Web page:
If you’re like us DINKs, you’ve probably heard about the informal economies that are sprouting up around many popular on-line multiplayer computer games. Basically, the main idea here is that some on-line games like Everquest, World of Warcraft or Second Life are so popular that people are willing to spend money on goods and service related to their game play. This phenomenon goes under a couple of names, “synthetic economies”, “fantasy economies” or “virtual economies”.
There are several interesting dimensions to these virtual economies. First, in some ways, they parallel brick and mortal markets. For example, rarer goods in virtual economies tend to command higher prices. If you surf over to mogs.com, a website selling characters from the multi-player fantasy adventure game World of Warcraft, you’ll see that higher level characters fetch a significantly greater asking price. Also, it seems that for some games, buying male characters is more expensive than female characters, suggesting that gender inequalities are reflected in the virtual world. Finally, some problems like crime and inflation are also present.
Second, mainstream economics has largely ignored these virtual markets. For example, Edward Castronova, the first economist to seriously look at this topic, initially had a hard time getting published in peer-reviewed academic journals. Most of the time his stuff got rejected because mainstream economists did not really understand how to value virtual goods.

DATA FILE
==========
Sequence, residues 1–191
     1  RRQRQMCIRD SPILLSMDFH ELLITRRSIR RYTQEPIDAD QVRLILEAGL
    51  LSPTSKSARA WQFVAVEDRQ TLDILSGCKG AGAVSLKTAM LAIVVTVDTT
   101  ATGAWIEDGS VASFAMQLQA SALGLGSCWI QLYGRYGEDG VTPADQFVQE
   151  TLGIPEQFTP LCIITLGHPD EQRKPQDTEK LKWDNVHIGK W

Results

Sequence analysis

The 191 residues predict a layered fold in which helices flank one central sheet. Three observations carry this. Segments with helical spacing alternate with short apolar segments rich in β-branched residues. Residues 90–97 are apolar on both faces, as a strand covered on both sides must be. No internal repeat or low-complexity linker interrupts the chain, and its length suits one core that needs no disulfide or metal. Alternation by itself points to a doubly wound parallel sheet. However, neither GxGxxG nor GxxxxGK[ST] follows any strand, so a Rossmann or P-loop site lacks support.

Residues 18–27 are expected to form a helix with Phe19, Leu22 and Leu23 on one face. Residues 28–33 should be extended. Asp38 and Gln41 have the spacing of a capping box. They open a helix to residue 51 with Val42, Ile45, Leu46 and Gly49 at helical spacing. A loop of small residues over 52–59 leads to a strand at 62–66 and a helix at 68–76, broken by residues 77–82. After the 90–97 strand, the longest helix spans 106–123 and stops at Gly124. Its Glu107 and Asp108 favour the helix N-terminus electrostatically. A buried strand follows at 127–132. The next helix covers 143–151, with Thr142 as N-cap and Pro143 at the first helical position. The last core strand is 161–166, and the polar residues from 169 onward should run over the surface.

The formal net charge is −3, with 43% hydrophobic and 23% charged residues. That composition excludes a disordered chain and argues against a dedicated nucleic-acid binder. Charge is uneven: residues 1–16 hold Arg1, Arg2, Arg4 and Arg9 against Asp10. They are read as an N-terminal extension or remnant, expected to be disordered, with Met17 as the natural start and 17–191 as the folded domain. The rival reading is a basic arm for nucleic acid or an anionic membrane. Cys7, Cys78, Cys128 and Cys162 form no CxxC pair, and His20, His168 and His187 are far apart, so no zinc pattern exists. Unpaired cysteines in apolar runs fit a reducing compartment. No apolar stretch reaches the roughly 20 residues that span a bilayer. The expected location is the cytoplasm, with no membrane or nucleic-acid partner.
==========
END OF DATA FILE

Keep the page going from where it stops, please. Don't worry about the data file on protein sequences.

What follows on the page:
While we DINKs aren’t experts, it seems ignoring these markets is a mistake. Virtual economics can be big business. For example, Second Life users reportedly engage in $500,000 worth of transactions per day. Other media reports suggest that in China, some companies exist simply to generate goods and services in high demand in these computer games, such as farming “gold” and “avatars” to sell on secondary markets. In short, virtual economies are becoming big business. It would be silly to write them off.
Now, what are the implications of this for personal finance? First, it would make sense to keep a eye on computer game companies which incorporate these markets into their corporate architecture. It might be possible to charge transaction fees to improve corporate profits. Second, if you’re a hard core gamer (I’m sure some of you are), you might actually be worth more than you think. Your level 70 World of Warcraft character might not be a badge of neerdyness after all. Rather it might be worth cold hard cash on the open market!